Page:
struggle emerging from militarism in society,” was one of the factors behind “circles within state structures” in the neighbour backing the Taliban, Salarzai said.

Another was the regional rivalry between nations coupled with “excessive anxiety and suspicion,” he said.

“Let us not forget,” Salarzai stressed, “that it was under the Taliban that Afghanistan became the jumping board for international terrorism, when thousands of young men received training and logistical support in terrorist camps. This was the precursor of today’s terrorists carrying out deadly attacks in Asia, Europe, US, Middle East, Africa and elsewhere.”

The repeated strong criticism of Islamabad in a global forum brings to the fore Afghanistan’s split with Pakistan after President Ashraf Ghani’s conciliatory approach failed.

When he was elected two years ago, Ghani had hoped its southern neighbour would help rein in the Taliban and bring it to the negotiating tables. But he felt betrayed by Islamabad when it emerged amid preparations for talks with the Taliban that its leader Mohammed Omar had died in Karachi in 2013 and Pakistani leaders had withheld the crucial information from Kabul.

(Arul Louis can be reached at arul.l@ians.in)

US Congress May Make Pak Military Aid Contingent Upon Anti-Haqqani Operation

No military aid to Pakistan without action against Haqqani network: US

daily pakistan

Khawaja Daud

US Secretary of Defense Chuck Hagel meets Chief of Army Staff General Rahaeel Sharif in Islamabad.–File photo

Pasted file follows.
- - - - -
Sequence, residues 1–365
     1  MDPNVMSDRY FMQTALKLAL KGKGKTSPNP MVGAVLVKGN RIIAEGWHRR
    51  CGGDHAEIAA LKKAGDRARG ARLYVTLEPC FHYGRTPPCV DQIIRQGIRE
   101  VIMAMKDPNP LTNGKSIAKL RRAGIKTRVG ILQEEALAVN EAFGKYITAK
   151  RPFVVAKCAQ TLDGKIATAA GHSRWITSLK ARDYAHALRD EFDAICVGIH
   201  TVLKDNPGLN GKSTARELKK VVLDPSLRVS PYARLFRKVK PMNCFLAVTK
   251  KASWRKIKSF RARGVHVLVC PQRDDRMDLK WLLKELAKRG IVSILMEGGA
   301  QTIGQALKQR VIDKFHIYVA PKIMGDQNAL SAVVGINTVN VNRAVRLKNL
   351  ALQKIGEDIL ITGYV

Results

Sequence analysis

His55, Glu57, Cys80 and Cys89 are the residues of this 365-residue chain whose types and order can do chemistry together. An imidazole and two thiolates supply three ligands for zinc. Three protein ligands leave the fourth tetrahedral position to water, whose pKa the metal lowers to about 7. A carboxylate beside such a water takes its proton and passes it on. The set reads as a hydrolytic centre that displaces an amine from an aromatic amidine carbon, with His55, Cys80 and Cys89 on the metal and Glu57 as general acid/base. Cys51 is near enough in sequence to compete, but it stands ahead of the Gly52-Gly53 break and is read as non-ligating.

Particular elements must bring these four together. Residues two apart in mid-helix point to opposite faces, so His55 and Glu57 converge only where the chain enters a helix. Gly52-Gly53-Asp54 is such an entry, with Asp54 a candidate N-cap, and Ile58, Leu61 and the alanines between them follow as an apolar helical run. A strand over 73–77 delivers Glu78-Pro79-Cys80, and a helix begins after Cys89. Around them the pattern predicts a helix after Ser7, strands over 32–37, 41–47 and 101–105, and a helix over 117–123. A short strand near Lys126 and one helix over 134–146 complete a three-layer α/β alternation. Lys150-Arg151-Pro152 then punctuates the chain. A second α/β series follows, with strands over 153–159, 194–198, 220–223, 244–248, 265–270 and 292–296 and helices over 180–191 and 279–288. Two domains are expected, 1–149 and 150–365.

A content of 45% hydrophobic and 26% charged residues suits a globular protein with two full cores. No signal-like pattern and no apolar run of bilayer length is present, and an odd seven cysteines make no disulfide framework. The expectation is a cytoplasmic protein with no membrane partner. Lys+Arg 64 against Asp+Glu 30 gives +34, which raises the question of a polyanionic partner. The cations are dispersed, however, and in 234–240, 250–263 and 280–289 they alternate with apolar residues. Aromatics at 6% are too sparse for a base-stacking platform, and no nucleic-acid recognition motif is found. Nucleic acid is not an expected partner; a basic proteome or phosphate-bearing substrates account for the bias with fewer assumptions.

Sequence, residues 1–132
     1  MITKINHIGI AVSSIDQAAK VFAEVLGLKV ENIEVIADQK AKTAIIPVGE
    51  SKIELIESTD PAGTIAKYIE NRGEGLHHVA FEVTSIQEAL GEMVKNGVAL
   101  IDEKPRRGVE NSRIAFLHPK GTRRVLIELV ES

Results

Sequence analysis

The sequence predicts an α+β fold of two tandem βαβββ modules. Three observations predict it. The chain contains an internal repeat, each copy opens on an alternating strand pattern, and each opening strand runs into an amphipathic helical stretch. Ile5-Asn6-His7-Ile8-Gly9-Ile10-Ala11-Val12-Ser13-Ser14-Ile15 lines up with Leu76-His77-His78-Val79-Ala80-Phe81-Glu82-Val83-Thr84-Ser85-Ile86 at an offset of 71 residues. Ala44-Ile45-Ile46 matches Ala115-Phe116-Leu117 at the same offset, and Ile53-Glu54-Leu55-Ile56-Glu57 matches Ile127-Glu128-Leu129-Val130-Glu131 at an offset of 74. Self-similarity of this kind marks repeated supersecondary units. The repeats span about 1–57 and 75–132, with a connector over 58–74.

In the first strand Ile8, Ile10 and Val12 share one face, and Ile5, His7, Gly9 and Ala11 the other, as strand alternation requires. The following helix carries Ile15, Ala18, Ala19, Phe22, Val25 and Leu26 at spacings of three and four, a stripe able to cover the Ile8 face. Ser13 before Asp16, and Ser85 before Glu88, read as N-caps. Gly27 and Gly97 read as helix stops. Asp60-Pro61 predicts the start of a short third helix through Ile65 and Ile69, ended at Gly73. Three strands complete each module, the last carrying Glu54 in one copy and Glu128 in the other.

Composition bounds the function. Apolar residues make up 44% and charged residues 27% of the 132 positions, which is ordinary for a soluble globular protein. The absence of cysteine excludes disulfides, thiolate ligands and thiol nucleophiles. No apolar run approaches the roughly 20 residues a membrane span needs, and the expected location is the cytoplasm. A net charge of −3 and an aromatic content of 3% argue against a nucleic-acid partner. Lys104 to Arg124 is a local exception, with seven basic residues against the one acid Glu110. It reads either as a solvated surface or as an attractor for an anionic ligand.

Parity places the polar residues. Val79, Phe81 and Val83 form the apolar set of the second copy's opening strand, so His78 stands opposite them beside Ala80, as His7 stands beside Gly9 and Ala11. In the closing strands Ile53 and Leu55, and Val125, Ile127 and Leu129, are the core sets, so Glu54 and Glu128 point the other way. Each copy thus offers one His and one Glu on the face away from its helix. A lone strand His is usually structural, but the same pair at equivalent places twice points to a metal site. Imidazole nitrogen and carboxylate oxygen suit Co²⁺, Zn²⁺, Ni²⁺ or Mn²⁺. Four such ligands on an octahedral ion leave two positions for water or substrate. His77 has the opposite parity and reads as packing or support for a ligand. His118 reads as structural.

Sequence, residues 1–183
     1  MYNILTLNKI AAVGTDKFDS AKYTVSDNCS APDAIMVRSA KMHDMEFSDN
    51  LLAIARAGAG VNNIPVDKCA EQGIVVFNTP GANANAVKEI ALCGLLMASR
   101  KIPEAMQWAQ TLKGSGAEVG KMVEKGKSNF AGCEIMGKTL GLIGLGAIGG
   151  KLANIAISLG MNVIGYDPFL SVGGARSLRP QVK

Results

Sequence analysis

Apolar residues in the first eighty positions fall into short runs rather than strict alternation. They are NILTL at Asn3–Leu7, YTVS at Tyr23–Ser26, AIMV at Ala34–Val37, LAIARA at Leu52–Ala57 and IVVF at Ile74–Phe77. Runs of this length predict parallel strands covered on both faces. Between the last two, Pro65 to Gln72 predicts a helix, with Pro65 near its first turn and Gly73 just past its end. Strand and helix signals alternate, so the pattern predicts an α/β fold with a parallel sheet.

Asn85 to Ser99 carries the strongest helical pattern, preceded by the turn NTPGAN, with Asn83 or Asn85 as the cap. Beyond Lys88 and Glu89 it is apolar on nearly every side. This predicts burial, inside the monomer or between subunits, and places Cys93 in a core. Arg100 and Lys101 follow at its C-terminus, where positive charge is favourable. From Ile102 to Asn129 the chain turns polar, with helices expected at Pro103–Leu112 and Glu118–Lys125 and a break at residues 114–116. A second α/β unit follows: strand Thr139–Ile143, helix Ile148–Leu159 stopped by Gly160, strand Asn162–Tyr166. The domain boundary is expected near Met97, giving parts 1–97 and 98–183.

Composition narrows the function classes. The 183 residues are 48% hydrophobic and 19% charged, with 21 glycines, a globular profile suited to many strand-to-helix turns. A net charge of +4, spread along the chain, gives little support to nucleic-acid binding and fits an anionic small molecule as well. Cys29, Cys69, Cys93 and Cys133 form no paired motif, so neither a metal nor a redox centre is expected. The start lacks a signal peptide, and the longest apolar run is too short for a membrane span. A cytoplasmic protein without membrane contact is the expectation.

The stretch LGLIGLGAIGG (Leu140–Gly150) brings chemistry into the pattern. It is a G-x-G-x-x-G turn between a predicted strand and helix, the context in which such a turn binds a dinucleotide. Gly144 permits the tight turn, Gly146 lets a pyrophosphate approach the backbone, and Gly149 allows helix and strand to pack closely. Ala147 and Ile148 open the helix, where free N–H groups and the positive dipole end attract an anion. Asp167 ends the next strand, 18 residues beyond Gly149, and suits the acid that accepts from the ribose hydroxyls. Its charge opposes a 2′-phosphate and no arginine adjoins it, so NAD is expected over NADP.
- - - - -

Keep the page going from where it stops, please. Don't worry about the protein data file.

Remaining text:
WASHINGTON (Web Desk) – The United States has said that it is not prepared to support military aid to Pakistan unless the country takes action against the Haqqani network, a guerrilla fighter group in the country’s tribal areas.

“Key members of Congress have been clear they’re not prepared to support US military aid to Pakistan absent some specific actions,” Elizabeth Trudeau, a State Department official, said earlier this week during a news briefing in Washington.

Related: Pak-US ties strained due to F-16s, nukes and Dr Afridi, concedes Sartaj Aziz

Ms Trudeau said the United States had clearly conveyed its views to Pakistan on the activities of the Haqqani network and Islamabad was aware of the steps they needed to take against the militant group.

ffr“Pakistan has said that it will not discriminate against [militant] groups. We could encourage them to continue to live up to that,” she said when asked if the State Department was willing to certify that Pakistan had taken the ‘specific actions’ needed to justify releasing military funds to the country.